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\handout{CS 229r Information Theory in Computer Science}{Apr 9, 2019}{Instructor:
Madhu Sudan}{Scribe: Shyam Narayanan}{Lecture 19}
\section{Outline}
\begin{enumerate}
\item Brief review of 2-Prover games, Parallel Repetition Theorem, and key lemma
\item Outline of Parallel Repetition Theorem
\end{enumerate}
We will not prove the Parallel Repetition Theorem, but will instead outline some of the main ideas and main challenges in proving this theorem. There are a lot of subtleties in the proof, so we won't have time to do the entire proof. To see full proofs of the Parallel Repetition Theorem, we point the reader to Raz \cite{Raz} (the original proof), Holenstein \cite{Hol} (a simplified proof), and notes by Barak \cite{Barak}.
\section{Brief Review and commentary}
Here, we review the previous lecture, as well as provide some commentary on the main lemma we will be focusing on for this lecture.
\subsection{Two-Prover Games}
Recall that a \textit{two-prover game} $G = (X, Y, A, B, \mu, V)$ works as follows. We have a verifier, and two provers Alice and Bob. The verifier chooses $(x, y) \in X \times Y$ according to distribution $\mu$ on $X \times Y,$ and sends Alice $x$ and Bob $y$. Alice has some strategy $f: X \to A$ and Bob has some strategy $g: Y \to B,$ so if Alice sees $x$ she sends back $a = f(x)$ and if Bob sees $y$ he sends back $b = g(y).$ The verifier has a verifying function $V: X \times Y \times A \times B \to \{0, 1\}$ with $1$ being accept and $0$ being reject. Importantly, Alice and Bob \textbf{do not} get to see the other person's input (so Alice doesn't see $Y$ and Bob doesn't see $X$).
The value of the game $G$ for some fixed strategies $f, g$ is defined as $Val_{f, g}(G) = \BE_{(X, Y) \sim \mu} V(X, Y, f(X), g(Y)).$ Finally, the value of the game $G$, $\omega(G)$ is defined as $\max_{f, g} \{Val_{f, g}(G)\}.$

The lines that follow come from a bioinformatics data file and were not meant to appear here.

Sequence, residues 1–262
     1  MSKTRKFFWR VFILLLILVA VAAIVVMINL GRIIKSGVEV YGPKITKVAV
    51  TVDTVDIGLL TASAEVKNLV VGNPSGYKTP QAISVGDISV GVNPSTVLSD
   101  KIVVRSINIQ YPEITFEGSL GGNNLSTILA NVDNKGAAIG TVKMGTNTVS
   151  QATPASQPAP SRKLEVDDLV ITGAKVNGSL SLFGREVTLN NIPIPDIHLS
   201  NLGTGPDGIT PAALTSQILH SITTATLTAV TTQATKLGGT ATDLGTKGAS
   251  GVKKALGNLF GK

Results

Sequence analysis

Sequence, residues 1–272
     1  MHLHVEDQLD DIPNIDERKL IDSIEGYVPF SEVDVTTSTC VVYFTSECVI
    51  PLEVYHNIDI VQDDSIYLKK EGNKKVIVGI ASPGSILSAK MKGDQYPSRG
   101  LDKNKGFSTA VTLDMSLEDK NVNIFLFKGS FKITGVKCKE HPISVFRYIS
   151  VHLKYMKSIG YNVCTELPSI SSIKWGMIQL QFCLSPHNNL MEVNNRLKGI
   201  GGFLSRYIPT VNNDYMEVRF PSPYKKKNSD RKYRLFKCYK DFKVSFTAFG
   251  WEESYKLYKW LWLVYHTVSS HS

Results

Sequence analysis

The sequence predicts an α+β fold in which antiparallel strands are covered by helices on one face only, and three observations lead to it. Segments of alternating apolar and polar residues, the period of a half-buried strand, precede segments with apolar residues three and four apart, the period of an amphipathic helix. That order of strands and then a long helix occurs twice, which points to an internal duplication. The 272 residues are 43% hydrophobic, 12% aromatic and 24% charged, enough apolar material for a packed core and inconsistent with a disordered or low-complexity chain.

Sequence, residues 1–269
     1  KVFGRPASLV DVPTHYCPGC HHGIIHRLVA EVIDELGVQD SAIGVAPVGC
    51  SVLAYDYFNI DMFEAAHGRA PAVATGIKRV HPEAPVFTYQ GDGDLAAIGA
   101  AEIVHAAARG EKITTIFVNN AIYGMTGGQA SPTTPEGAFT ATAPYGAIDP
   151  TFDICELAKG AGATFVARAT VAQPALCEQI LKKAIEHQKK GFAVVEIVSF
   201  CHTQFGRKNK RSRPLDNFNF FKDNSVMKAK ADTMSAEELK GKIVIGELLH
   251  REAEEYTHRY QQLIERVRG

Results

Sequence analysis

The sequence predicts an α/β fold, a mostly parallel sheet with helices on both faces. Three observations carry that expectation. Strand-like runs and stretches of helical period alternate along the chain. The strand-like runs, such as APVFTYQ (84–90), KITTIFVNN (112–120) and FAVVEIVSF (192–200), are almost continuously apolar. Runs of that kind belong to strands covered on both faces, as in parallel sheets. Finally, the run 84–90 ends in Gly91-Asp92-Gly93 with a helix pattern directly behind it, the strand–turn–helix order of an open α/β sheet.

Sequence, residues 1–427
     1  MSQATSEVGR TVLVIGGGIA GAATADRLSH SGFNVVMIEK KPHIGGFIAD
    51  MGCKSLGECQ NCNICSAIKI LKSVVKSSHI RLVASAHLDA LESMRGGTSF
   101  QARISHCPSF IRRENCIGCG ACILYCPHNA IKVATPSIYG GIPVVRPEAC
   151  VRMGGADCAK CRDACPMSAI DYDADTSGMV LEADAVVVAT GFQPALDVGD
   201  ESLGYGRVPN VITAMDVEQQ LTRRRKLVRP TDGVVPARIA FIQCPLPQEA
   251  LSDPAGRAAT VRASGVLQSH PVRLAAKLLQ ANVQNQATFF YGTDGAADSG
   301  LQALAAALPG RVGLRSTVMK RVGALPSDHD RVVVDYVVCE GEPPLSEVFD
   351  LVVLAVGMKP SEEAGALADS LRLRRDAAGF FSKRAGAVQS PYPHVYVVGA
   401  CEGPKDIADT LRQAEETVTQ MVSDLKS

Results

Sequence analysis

\subsection{Parallel Repetition of Games}
For a game $G = (X, Y, A, B, \mu, V),$ we define the $k$-fold repetition of the game as $G^{\otimes k} := (X^k, Y^k, A^k, B^k, \mu^k, V^k).$ Here, $X^k, Y^k, A^k, B^k$ are just the $k$-fold product alphabets, $\mu^k$ is the product distribution on $(X \times Y)^k = X^k \times Y^k,$ and
\[V^k(\overline{x}, \overline{y}, \overline{a}, \overline{b}) = \bigwedge\limits_{i = 1}^{k} V(x_i, y_i, a_i, b_i),\]
where $\overline{x} = x_1 x_2 \cdots x_k$ and similarly for $\overline{y}, \overline{a}, \overline{b}.$ Note that our functions $f: X^k \to A^k$ and $g: Y^k \to B^k$ no longer have to be entrywise functions, so $f(\overline{x})_i$ can depend on $x_j$ for $j \neq i.$
\subsection{Raz's Parallel Repetition Theorem}
We saw in the last class that $\omega(G^{\otimes k}) \ge \omega(G)^k,$ but that equality didn't necessarily hold, by looking at Feige's counterexample, which gaves us a game $G$ such that $\omega(G^{\otimes 2}) = \frac{1}{2} = \omega(G).$ However, we have the following theorem, proven by Raz.
\begin{theorem} \cite{Raz} \label{MainTheorem}
For all alphabets $A, B$ and all $\epsilon > 0,$ there exists $\delta > 0$ such that for any game $G$ with $\omega(G) \le 1-\epsilon,$ then $\omega(G^{\otimes k}) \le (1-\delta)^k$.
\end{theorem}
To prove this, we will need to introduce a key lemma that we introduced last time, and we focus the remainder of the lecture on this lemma. Fix strategies $f, g$, and for any set $S \subset [k],$ let $w_S$ be the event that $\land_{i \in S} V(x_i, y_i, f(x)_i, g(y)_i) = 1,$ i.e. $V(x_i, y_i, f(x)_i, f(y)_i) = 1$ for all $i \in S.$ We have the following lemma:
\begin{lemma} \label{MainLemma}
For fixed strategies $f$ and $g$, there exists some $\gamma$ only depending on $\epsilon, A, B$ such that for all $|S| \le \gamma \cdot k,$ $\BP[w_S] \le 2^{-\gamma k}$ or $\exists i \not\in S$ such that $\BP[w_i|w_S] \le 1 - \frac{\epsilon}{100}.$
\end{lemma}
\begin{exercise}
Show how Lemma \ref{MainLemma} implies Theorem \ref{MainTheorem}.
\end{exercise}
\subsection{Commentary}
We note some commentary for why we may need a lemma like Lemma \ref{MainLemma}.
First, why do we need to stop the lemma at $|S| \le \gamma \cdot k$? Recall Feige's counterexample from last lecture. Define $X = \{1, 2\}$, $Y = \{3, 4\}$, $A = B = \{1, 2, 3, 4\},$ $\mu = Unif(X \times Y),$ and $V(x, y, a, b) = 1$ if $a = b$ and $b \in \{x, y\}.$ Then, $\omega(G) = \omega(G^{\otimes 2}) = \frac{1}{2}$, and since the value of the product of two games is at least the product of the values, $\omega(G^{\otimes k}) \ge 2^{-\lfloor k/2 \rfloor}.$ If we have a $20$-fold product of the game, we can pair up the games $i$ and $10+i$ for $1 \le i \le 10$ so that if the verifier accepts on the first $10$ coordinates, that can guarantee winning on the next $10$ coordinates.